"Cairo: The City Victorious," by Max Rodenbeck. Knopf. 288 pages. $27.50.
You have taken a wrong turn and are in hell. It is every degree as hot as you feared. And is painfully bright, everything bleached dead white -- another fear fulfulled -- and tortuously loud because demons in Fiats constantly honk their horns while a hundred buses roar, while you try to breath air that seems mostly grit. Tahrir Square, in central Cairo, is the busiest, most energizing hell I know.
In the Arab world, haughty Damascus sinks to the level of provincial capital when compared to Cairo. Amman, Jordan, seems a nice little desert crossroads. Baghdad is frightened and soulless. Jeddah and other cities floating on oil just seem crass. Max Rodenbeck, the Middle East correspondent for the Economist, chooses the perfect tale from "Thousand and One Nights" near the beginning of his celebration of the city to remind readers of its centrality in the Middle East's spirit:
"He who has not seen Cairo has not seen the world," a wise father in the story tells his son in the far-away city of Mosul, on the banks of the Tigris River. "Its dust is gold; its Nile is a wonder, its women are like the black-eyed virgins of paradise; its houses are palaces and how could Cairo be otherwise, when she is the Mother of the World?"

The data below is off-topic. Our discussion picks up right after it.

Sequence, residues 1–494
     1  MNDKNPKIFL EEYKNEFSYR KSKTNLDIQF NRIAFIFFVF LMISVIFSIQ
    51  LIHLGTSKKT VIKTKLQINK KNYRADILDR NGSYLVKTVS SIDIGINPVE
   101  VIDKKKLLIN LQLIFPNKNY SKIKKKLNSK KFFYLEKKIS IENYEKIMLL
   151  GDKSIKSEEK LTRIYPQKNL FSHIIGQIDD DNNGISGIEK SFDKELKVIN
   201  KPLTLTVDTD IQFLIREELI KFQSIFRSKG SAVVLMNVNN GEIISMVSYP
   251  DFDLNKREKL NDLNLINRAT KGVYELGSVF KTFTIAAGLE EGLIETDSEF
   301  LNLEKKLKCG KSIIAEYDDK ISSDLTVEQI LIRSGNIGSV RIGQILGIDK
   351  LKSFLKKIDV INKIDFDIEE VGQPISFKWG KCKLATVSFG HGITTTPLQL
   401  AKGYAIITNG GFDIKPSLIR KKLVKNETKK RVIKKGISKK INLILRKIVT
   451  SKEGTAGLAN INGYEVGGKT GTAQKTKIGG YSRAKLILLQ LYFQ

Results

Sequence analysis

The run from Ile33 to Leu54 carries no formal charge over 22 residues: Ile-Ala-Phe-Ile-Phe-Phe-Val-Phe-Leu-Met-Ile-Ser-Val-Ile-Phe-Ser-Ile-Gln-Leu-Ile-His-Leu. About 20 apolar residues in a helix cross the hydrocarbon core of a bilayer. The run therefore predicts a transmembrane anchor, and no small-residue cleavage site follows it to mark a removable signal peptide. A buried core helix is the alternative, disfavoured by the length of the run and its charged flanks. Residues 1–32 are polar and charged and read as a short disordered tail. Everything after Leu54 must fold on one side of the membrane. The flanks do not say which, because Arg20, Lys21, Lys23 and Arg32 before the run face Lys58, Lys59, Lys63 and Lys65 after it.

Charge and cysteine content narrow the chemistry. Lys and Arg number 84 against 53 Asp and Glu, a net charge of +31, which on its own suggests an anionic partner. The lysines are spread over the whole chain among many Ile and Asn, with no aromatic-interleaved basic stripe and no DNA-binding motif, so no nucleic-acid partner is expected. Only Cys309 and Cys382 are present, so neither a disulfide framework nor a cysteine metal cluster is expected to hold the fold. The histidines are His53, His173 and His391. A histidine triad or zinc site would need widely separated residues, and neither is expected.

Rodenbeck traces his personal connection to the city to great-grandmother Alfreda from Virginia crossing donkey paths in Cairo with a British officer on his way to India. Thus are born several long-lasting romances. Rodenback is honest enough to admit to having fallen wholly out of love with it at least once. He has a fine, warm description for this most exhausting of places: "gloriously grubby."
Nothing about it is artificial. Every imaginable ugliness and beauty is right in front of you. Ten million residents jostle past 200,000 street vendors and far more vehicles than the streets can handle. It apparently seemed no less crowded when all vehicles were camels or donkeys. A 13th century traveler tells of an oxcart loaded with stones blocking an official procession, while smoke from open fires pours onto the street, nearly choking every pedestrian. Tahrir Square!
What a shame the book overextends itself. Cairo proper is plenty rich for a fine travel memoir, but Rodenbeck emerges as downright pharaonic, claiming almost everything as his subject. His book has well-written material on ancient Egypt and the old capital at Memphis beginning in about 3000 B.C. That gives the author a lot of ground to cover because Cairo doesn't really emerge for another 3,500 years.
It means we have to wait until the last third of the book to inspect the present-day city. We finally meet a few living, breathing Cairenes, such as the widowed mother who earns more money as a maid than does her daughter as a physician. But only a very few, and we don't get to know any of them well. There is Ashraf, one of the millions of men eking out a living without evident pleasure, who guides the author a few steps into that immense struggling caste, but then he's gone.
We take a pleasant, speedy Grand Tour (like great-grandmother Alfreda made). Lovely, chaotic city; lovely, chatty book. But, oh!, if only the guide would tell us more about what he sees today and less about yesterday.
Robert Ruby, an editor on leave from The Sun, spent five years in the Middle East as the paper's correspondent there. He is author of "Jericho: Dreams, Ruins, Phantoms," and is working on a second nonfiction book.
Pub Date: 02/21/99